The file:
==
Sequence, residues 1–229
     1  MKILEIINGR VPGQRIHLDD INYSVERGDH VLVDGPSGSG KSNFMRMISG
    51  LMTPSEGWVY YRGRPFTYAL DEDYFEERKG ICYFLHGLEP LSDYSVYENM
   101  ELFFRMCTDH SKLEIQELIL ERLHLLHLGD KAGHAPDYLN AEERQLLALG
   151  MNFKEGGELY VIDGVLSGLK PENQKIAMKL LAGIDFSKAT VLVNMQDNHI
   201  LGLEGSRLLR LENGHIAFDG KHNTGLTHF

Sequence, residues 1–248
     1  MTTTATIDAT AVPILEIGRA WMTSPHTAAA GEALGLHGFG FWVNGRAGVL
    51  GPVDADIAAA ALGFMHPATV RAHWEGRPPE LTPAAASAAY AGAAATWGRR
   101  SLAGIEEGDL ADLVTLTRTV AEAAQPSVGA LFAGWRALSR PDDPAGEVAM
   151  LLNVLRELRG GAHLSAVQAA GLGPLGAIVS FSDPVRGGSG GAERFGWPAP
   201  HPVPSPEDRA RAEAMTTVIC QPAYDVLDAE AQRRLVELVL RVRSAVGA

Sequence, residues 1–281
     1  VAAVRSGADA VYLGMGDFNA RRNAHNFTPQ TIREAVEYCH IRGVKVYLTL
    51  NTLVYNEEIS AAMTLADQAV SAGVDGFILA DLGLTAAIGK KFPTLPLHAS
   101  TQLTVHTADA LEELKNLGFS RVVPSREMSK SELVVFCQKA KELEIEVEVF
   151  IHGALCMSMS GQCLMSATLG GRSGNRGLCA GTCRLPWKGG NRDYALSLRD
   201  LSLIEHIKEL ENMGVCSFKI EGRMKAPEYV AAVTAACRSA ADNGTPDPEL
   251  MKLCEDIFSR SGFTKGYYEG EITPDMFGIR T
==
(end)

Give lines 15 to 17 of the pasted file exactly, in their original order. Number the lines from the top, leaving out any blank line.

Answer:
    51  NTLVYNEEIS AAMTLADQAV SAGVDGFILA DLGLTAAIGK KFPTLPLHAS
   101  TQLTVHTADA LEELKNLGFS RVVPSREMSK SELVVFCQKA KELEIEVEVF
   151  IHGALCMSMS GQCLMSATLG GRSGNRGLCA GTCRLPWKGG NRDYALSLRD